The 179 deduction is one of many assets that hide in marital estates. These hidden assets are often not discussed during negotiations providing one spouse a benefit and the other one to lose that financial benefit. We call this hidden wealth-at-risk. Divorces involve a lot of hidden wealth-at-risk. It appears in many forms. Yet, it is often not discussed or managed during a divorce process.
If you are an advisor who deems her or himself as a true fiduciary then you will want to make sure all of the financial matters are handled properly during a client’s divorce process. Feel free to reach out to us and we will be happy to discuss the matter with you. If you are a person going through a divorce be careful how these matters are handled in your settlement discussions, you could be leaving large sums of money on the table and not know until it’s too late.
About the Author
Larry Smith is a Founding Partner of Divorce Outcomes, a specialized professional services firm that manages all of the financial aspects in a divorce process. Since 2003 he has worked as a trusted financial advisor, financial advocate, divorce architect and technical financial expert; he is not an attorney. He is an alumni of KPMG and Andersen with expertise in technical accounting, forensics, sophisticated taxation, management consulting, risk management, advanced process engineering, business combinations, divorce management, multi-party negotiations, advanced quality analytics and cognitive performance technologies. Since 1986 Larry has been advising individuals and organizations about innovative financial solutions to resolve complex financial challenges that arise in life and in business.
For both personal and business divorces, Larry is considered an expert in divorce strategies, divorce process management, financial divorce architecture, financial risk management, taxation for divorces, financial divorce forensics, advanced divorce analytics, financial divorce negotiations and mediation, business valuations and sophisticated equity structures. He helps clients shape complex financial decisions, manage communication risks and ever-changing negotiating positions to strategically preserve or grow wealth from these types of transactions.
If You Have a Question
If you have a question, feel free to contact me at [email protected] or 617-680-5222. The call is free. I will spend 30–60 minutes with you. I will provide you an honest assessment as to where I think you are positioned in your divorce process or answer any questions you have. I may provide you some guidance, insight or advice that you can take with you as you wish. There is no obligation to move forward. The phone call is designed to ease your fears, provide you some options to pursue and a potential road to run on that can lead you down a path to achieve a successful outcome.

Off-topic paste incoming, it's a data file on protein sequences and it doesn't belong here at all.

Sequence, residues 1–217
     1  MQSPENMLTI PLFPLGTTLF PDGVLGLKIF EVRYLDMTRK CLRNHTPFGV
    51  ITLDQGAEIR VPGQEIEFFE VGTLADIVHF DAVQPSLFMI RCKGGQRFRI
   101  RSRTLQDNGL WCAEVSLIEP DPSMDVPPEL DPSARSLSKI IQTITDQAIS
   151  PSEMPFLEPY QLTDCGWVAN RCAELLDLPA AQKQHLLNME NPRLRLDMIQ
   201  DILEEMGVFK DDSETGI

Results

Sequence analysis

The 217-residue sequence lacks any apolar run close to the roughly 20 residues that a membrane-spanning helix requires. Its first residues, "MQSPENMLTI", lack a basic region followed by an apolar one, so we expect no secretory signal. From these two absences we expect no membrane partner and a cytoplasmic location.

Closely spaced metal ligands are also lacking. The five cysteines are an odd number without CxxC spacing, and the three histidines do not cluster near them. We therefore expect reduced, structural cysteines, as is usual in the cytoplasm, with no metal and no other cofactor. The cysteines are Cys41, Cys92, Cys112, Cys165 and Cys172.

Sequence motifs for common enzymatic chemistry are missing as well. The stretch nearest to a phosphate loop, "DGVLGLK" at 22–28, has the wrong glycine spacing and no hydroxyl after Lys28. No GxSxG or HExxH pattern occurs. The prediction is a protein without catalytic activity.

About Divorce Outcomes
Divorce Outcomes is a specialty services firm that helps people both domestically and internationally manage all of the financial decisions that arise in their divorce process. We are not attorneys. We are financial experts who partner with our clients as their personal financial advocates. We help our clients manage their divorce process, uncover hidden financial risks, architect divorce solutions, manage ever-changing negotiating positions, communicate complex financial matters and close the divorce process as soon as possible with a goal to arrive at the best outcomes possible. Throughout the process we evaluate the current state of our clients’ financial lives with an objective to best reposition their future. We do not sell any products. We simply raise issues that are in our clients best interest. Our clients share with us we:
- unfold, analyze and repackage their financial life so they are well positioned after their divorce
- preserve the value of their business or marital estate
- continuously strive to provide a return on our services
- build balanced financial solutions grounded in evidence
- find ways to make our client, and at times both parties, money through the process
- design their divorce to work for them and their family’s life
- provide mental clarity to make decisions
- reduce the total process time from start to close
- minimize the stress and unpleasant memories that can last a lifetime
As we reach an agreed upon settlement structure, we help our clients identify a fitting attorney who can leverage the financial solution to draft and record the requisite legal documents. Where outcomes are at risk from a traditional process, we function as expert financial negotiators or financial mediators to turn around the situation and achieve our client’s desired outcomes.
This communication is for general informational purposes only which may or may not reflect the most current developments. It is not intended to constitute formal advice or a recommended course of action as every person’s situation is unique and different. The information here is not intended to be, and should not be, relied upon by the recipient to make a decision without professional guidance.